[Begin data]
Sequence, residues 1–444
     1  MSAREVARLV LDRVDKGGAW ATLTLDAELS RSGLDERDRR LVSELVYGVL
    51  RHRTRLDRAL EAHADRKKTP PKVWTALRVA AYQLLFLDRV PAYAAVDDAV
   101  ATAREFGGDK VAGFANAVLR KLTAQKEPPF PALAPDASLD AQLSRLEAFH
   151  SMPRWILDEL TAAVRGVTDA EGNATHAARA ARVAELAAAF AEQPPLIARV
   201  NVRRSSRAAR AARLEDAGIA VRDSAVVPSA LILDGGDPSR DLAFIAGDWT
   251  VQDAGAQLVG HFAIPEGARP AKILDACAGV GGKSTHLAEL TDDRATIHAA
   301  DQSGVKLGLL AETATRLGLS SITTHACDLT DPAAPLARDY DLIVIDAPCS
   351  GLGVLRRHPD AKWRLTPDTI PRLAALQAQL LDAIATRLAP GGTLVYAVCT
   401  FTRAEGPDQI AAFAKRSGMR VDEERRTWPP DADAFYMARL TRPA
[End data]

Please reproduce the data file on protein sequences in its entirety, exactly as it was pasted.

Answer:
Sequence, residues 1–444
     1  MSAREVARLV LDRVDKGGAW ATLTLDAELS RSGLDERDRR LVSELVYGVL
    51  RHRTRLDRAL EAHADRKKTP PKVWTALRVA AYQLLFLDRV PAYAAVDDAV
   101  ATAREFGGDK VAGFANAVLR KLTAQKEPPF PALAPDASLD AQLSRLEAFH
   151  SMPRWILDEL TAAVRGVTDA EGNATHAARA ARVAELAAAF AEQPPLIARV
   201  NVRRSSRAAR AARLEDAGIA VRDSAVVPSA LILDGGDPSR DLAFIAGDWT
   251  VQDAGAQLVG HFAIPEGARP AKILDACAGV GGKSTHLAEL TDDRATIHAA
   301  DQSGVKLGLL AETATRLGLS SITTHACDLT DPAAPLARDY DLIVIDAPCS
   351  GLGVLRRHPD AKWRLTPDTI PRLAALQAQL LDAIATRLAP GGTLVYAVCT
   401  FTRAEGPDQI AAFAKRSGMR VDEERRTWPP DADAFYMARL TRPA